I was not able to participate in last week’s class, but from the blogs of peer students in this class I got to know that Maru talked about her project exhibited in the DMA Final Exhibition “An Unreal Unity”.
CRISPR stands for “CRISPR-Cas9”, which is also called “clusters of regularly interspaced short palindromic repeats”. It is a specialized stretch of DNA which, with the associated Cas9 protein, is able to make gene editing possible. It is a simple but also helpful tool for gene deleting and inserting.
As humans, we keep developing our society and civilization by building up industries in our already big “metal forests”. Granted that, a considerable amount of people are already figuring out and practicing the better ways to share our space with nature. Some people might argue that the roof covered with plants, the canyons with fences, the coral reef gardens, etc., are just not “nature” enough.
1. Plant DNA, Jimmy Zhi
Proposal 4: Feeding the mycelium with the DNA from fruits and vegetables, turning them to be the child of fungus and plants.
You See the Difference, a Turtle Does Not
For a long time rats and mice exist in human’s lives as ambiguous and polarious figures. They are pets as well as pests. They are regarded as sneaky and evil in many ancient folks and fables, yet they are also very valuable in terms of serving as laboratory animals in many science researcher settings.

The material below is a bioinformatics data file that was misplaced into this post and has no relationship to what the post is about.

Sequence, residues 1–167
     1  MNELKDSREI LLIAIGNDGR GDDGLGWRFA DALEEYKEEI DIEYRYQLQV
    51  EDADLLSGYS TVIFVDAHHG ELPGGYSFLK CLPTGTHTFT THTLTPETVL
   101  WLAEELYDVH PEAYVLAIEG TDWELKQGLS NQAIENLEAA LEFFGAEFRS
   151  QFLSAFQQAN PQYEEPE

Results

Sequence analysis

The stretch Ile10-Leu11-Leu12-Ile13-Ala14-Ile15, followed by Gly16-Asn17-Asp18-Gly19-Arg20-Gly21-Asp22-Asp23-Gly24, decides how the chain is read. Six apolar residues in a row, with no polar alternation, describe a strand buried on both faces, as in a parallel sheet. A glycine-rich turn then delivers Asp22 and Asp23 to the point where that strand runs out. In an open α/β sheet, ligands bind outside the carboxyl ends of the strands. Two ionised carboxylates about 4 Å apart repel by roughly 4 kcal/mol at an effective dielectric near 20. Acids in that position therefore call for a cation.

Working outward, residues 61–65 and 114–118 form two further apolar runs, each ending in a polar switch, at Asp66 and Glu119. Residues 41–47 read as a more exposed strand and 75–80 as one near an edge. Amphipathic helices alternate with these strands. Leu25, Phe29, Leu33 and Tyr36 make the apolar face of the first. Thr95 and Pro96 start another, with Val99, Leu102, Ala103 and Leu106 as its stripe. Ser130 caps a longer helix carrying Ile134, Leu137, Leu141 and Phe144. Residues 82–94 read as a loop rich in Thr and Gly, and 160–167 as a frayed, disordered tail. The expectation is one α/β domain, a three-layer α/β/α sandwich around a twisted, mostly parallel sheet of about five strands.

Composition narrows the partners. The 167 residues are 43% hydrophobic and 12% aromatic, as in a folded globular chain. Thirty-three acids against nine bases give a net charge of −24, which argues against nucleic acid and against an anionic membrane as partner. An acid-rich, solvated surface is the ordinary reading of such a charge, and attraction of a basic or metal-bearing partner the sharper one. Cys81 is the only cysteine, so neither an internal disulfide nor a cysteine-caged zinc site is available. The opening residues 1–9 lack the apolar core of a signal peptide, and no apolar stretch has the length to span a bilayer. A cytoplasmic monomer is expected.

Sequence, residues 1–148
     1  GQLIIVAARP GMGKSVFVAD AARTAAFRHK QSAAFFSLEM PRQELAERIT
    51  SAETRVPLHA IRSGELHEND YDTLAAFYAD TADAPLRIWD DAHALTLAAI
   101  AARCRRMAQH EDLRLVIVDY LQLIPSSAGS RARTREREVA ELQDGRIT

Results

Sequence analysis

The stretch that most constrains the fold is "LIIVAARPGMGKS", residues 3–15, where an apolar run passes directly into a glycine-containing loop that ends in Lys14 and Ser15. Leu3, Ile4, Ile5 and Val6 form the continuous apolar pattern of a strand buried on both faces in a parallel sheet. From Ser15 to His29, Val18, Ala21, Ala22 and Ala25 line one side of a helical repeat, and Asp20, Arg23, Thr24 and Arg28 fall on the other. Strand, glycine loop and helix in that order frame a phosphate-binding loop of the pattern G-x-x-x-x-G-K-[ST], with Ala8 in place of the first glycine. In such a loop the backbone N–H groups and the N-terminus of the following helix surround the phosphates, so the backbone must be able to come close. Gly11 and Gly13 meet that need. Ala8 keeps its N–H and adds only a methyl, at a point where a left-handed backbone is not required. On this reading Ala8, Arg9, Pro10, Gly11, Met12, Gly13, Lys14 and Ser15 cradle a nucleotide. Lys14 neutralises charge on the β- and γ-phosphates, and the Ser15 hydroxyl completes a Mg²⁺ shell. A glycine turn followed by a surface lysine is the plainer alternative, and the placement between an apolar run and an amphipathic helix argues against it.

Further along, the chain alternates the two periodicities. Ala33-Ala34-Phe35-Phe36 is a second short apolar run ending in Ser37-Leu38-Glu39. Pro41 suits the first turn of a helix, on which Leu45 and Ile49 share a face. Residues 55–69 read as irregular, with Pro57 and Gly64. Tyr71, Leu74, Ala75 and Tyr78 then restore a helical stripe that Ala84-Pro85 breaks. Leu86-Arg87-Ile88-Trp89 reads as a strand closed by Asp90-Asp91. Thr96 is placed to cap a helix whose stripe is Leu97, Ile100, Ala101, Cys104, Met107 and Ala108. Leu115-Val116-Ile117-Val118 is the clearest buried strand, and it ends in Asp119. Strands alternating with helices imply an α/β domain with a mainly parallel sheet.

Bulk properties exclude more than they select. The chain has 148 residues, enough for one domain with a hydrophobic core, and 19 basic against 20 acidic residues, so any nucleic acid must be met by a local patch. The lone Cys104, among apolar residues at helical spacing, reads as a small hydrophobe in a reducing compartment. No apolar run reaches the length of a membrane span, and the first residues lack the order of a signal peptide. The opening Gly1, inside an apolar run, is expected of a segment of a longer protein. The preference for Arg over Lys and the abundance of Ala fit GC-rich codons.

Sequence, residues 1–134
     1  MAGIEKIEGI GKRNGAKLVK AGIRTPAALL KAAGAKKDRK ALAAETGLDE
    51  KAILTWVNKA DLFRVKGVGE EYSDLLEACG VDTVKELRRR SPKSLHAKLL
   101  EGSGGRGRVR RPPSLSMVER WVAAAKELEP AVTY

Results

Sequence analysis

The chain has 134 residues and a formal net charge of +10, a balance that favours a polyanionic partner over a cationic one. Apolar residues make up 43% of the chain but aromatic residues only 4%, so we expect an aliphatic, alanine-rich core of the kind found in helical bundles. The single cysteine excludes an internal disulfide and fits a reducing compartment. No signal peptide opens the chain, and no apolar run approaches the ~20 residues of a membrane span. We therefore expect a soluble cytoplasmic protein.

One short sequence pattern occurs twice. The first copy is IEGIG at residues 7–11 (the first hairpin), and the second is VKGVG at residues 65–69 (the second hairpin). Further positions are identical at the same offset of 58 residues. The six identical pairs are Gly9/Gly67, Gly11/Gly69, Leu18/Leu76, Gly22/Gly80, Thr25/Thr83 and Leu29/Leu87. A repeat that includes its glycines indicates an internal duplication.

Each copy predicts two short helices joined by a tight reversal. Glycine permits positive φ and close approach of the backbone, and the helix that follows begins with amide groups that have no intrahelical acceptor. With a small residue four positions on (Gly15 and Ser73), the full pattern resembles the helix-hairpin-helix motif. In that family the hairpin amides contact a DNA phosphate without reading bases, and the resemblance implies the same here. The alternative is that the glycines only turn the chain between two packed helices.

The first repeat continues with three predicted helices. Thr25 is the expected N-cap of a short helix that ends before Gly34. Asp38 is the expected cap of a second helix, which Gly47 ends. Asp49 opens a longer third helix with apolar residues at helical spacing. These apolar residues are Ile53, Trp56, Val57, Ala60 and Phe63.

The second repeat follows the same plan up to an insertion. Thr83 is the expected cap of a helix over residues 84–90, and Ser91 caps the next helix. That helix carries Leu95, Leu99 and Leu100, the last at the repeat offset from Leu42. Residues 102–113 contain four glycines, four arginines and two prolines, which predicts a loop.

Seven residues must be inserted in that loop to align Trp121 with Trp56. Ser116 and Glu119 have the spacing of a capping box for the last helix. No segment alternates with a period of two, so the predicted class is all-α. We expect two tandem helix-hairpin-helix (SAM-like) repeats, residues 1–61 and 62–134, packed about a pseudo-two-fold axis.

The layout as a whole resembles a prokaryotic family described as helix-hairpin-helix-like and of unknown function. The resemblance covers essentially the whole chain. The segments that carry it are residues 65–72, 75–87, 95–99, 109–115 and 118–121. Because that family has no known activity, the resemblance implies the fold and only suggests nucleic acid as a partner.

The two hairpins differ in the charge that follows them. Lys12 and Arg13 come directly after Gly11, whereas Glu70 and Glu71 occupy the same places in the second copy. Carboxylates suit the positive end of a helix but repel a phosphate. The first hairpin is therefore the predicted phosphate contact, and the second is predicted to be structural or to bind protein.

This week, professor Vesna showed us a self-therapy project her former student did with hair and Trichotillomania disorder. I found this project interesting and somehow relatable. When talking about anxiety, I think everyone more or less have their own reaction to either alleviate or to shift their attention from the anxiety itself.
Last week, I participated in the series of art workshops “What’s Next? Eco Materialism & Contemporary Art”, led by the author and artist Linda Weintraub. I am most interested in the first and the second chapters, in which visiting artists Wenda Gu and Laura Parker presented their projects.